In the first part of this series, I introduced histograms: handy graphs generated by cameras and image-editing software that you can use to analyze a photo's exposure. Part 2 of this series will concentrate on using histograms as a tool for shooting better photographs.
Knowing what's wrong with your current exposure doesn't do you much good if you don't know how to fix your exposure. I'll s
What Is Exposure?
To understand exposure, sneak out of work right now and see a matinee at a movie theater. (If you get caught, tell your boss that it's professional development—part of your photography education.)
When the movie is over, leave the theater out of the back door. As you step from the dark movie theater into the bright afternoon light, you'll be momentarily blinded as your eyes adjust to the change in brightness. That's exposure.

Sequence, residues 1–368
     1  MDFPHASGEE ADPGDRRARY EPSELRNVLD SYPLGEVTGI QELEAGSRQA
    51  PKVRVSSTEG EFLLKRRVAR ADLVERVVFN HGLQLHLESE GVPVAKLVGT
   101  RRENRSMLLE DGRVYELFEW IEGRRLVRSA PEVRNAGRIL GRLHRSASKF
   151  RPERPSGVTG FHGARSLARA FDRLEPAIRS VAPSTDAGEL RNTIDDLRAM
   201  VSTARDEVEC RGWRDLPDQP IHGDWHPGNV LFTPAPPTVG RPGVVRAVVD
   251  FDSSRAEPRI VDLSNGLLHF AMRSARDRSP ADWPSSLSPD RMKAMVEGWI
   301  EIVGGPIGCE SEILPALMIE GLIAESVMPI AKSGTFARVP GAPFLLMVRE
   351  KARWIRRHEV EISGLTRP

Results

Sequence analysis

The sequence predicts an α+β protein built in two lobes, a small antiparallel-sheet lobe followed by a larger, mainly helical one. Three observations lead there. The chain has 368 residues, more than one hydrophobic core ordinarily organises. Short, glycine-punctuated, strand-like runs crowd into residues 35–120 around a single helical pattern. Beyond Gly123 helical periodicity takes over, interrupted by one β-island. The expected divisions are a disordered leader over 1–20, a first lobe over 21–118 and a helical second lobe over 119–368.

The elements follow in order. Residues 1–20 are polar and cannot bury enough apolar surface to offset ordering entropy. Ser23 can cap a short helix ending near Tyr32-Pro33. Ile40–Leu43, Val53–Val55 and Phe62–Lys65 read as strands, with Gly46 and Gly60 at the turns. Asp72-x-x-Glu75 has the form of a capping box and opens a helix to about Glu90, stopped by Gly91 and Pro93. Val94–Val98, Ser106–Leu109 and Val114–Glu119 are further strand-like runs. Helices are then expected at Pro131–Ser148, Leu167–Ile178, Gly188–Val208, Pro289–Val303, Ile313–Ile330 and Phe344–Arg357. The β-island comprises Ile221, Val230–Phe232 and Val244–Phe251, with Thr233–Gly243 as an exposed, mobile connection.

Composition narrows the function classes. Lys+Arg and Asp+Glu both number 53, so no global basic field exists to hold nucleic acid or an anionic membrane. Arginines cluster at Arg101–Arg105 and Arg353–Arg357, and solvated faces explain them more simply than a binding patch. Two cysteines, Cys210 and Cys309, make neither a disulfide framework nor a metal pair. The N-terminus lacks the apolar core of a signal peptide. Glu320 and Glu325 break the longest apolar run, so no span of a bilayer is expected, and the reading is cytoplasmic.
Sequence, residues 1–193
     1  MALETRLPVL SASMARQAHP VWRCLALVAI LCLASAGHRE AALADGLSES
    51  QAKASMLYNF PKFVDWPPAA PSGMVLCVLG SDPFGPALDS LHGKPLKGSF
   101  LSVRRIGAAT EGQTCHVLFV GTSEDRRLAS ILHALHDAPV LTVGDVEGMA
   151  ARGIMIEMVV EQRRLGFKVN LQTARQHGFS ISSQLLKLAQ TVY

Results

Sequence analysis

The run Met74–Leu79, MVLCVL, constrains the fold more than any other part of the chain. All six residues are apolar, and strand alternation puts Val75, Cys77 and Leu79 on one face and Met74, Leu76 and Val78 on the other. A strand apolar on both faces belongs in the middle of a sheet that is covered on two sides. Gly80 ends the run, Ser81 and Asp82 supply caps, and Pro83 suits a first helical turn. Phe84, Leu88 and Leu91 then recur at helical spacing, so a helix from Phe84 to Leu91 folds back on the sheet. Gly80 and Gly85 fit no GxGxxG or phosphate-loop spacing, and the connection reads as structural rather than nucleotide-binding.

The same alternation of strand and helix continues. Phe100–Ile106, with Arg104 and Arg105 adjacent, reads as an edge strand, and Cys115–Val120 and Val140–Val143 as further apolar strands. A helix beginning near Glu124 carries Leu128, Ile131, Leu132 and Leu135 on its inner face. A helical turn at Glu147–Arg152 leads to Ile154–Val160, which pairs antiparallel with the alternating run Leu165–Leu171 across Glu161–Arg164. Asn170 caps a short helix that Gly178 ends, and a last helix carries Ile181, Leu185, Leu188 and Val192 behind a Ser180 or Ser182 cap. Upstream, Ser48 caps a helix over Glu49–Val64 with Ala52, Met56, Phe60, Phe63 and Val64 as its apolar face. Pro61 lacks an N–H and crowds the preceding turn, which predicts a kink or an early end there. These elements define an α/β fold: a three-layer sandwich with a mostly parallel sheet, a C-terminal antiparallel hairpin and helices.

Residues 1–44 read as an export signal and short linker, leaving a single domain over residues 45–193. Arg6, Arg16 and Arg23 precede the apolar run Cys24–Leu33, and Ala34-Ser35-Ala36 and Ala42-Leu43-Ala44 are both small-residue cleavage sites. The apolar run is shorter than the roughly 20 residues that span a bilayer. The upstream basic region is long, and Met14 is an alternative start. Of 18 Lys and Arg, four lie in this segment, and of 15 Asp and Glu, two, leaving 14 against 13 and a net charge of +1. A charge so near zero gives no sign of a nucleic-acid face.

Your eyes can adjust how much light they gather. If they gather too much, the world washes out to bright white. If they can't gather enough, you stumble around in the dark. To control how much light is gathered, the size of your pupil changes, opening wider to allow more light and closing down to reduce the amount of light.
Your camera works the same way. If there's too much light striking the sensor, the image has parts that are blown out to complete white. Too little light, and some parts will be complete black. In addition to losing detail in highlights and shadows when an image is over- or underexposed, the overall brightness of the photo can affect how colors look and the overall atmosphere of a scene.
(posted by Jennifer Apple for www.PhotoshopSupport.com)